reviews for JANE AUSTEN and the ARTS

January 24, 2017 at 11:11 am (books, entertainment, jane austen, jasna) (, , , )


Natasha Duquette, as one of the editors (along with Elisabeth Lenckos) of Jane Austen and the Arts: Elegance, Propriety and Harmony, has recent uploaded some reviews of the book. One, by Audrey Bilger in the journal Women’s Studies, mentions my contribution, the chapter entitled, “‘A Reputation for Accomplishment’: Marianne Dashwood and Emma Woodhouse as Artistic Performers”.

ja and the arts

“Kelly M. McDonald examines Marianne Dashwood and Emma Woodhouse in terms of their skill as artistic performers and sees the primary lessons that each heroine needs to learn as being linked to their initial stance as artists: Marianne, who is ‘consumed with interior passions,’ must cultivate restraint; Emma ‘[c]onsumed with exterior experiences’ must develop deeper insight.”

This is a chapter that I have not revisited in the recent past, yet, given my 2016 topic for the JASNA Annual General Meeting that celebrated the 200th anniversary of the novel EMMA, the ‘art’ of Emma is definitely an ongoing preoccupation of mine. (My paper was entitled, “Sketching Box Hill with Emma”, also given to the Vermont JASNA chapter in December 2016.) I found, in revisiting the paper AFTER transcribing more Smith & Gosling family letters in October and November, that I had a few new points to make on the subject.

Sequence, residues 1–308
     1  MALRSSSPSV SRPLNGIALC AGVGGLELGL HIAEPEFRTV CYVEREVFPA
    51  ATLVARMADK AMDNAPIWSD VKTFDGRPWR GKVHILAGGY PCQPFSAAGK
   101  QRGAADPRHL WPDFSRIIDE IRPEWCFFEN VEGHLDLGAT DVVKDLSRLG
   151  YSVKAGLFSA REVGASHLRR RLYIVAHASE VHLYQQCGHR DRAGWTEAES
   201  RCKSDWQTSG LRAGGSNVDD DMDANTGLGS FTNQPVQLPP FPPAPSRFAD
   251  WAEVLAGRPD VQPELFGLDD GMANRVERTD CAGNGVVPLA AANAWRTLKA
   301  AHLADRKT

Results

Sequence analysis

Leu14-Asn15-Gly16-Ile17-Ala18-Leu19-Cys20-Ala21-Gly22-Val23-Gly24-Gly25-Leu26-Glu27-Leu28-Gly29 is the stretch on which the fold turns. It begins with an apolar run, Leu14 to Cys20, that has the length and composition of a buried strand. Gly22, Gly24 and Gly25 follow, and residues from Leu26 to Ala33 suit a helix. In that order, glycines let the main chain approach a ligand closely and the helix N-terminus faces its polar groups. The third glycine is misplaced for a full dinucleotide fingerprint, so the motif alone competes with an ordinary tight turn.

But to get back to Audrey Bilger’s review of Jane Austen and the Arts

Being an academic press (Lehigh University Press), Jane Austen and the Arts is currently selling for $30 (used; paperback) and up on Amazon. Bilger’s comments on the book as a whole, include:

  • “The editors perceive the arts in the broadest possible way, … encompassing painting, music, dance, and theater, … also judgment, taste, morality and ultimately reading and writing as aesthetically charged activities.”
  • “An excellent preface by Vivasvan Soni, ‘Jane Austen’s Critique of Aesthetic Judgment,’ explains the meaning of the book’s subtitle.”
  • “most of the contributions are theoretically nuanced, especially with regard to the history of aesthetics.”
  • “the book’s focus on the arts illuminates aspects of Austen’s work in fresh ways…. Readers familiar with the Austen canon will appreciate the book’s numerous close readings and textual analysis.”